--- In firstname.lastname@example.org
, Phil Karn <yahoo1@k...> wrote:
> Sorry, but this statement doesn't parse, much less make logical sense.
It does when you want to claim what's right or wrong.
> up. Furthermore, with the exception of Naudin's output current figures,
> his observations closely match those predicted by modeling based on
> standard, accepted physical principles.
how closely and where are the pictures?
> So which of the following conclusions do you think more likely:
> Conclusion 1: The MEG outputs substantially more energy than it
> consumes, contrary to fundamental physical principles based on hundreds
> of years of experimental verification by literally millions of people
> and devices, and contrary to the personal experience of many experienced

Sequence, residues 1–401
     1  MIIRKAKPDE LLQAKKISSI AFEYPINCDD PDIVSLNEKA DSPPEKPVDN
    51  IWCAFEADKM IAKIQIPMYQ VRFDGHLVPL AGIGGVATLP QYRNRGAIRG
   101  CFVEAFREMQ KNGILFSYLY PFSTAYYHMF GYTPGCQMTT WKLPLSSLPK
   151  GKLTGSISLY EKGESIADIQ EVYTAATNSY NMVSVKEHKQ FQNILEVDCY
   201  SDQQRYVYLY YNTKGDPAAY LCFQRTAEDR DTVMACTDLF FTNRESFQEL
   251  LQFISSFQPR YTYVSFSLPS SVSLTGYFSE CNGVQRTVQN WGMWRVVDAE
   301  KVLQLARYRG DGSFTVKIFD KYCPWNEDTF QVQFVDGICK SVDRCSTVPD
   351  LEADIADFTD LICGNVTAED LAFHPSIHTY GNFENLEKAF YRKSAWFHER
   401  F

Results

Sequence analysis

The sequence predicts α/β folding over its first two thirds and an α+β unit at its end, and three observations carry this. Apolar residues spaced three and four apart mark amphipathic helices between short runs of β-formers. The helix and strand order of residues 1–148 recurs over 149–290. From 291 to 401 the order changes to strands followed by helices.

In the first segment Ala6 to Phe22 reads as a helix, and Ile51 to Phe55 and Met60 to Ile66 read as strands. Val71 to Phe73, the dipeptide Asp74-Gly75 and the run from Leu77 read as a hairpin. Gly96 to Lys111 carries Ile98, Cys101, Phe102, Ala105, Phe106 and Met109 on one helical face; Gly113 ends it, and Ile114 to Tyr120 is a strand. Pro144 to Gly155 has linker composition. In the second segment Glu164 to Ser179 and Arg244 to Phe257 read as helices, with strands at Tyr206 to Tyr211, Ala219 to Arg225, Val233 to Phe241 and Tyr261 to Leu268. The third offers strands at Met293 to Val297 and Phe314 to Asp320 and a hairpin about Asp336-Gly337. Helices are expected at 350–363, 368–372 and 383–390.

> electronics engineers and technicians (including myself) that feeding 35
> watts to a 5 watt air cooled carbon composition resistor would quickly
> produce smoke.
> Conclusion 2: Naudin is simply mistaken in his output current
> measurements. The MEG is just an ordinary transformer.
> To anyone with even a modicum of logical reasoning ability, conclusion
> #2 is the only responsible choice.
Yes, and those with greater logical reasoning ability realise that likelihood, or
probability, is indeterminate when the scenario has any number of conditions,
known and unknown which are not controlled by said experiments. The only
responsible choice is to not arrive at a conclusion until Naudin actually
measures for any extra energy from the resistor. In RoTL I even point out the
important fact that determinism renders statistical conclusions irrelevant and
false, so oft-invoked guidelines like Occam's Razor based on such subjective
likelihood don't work.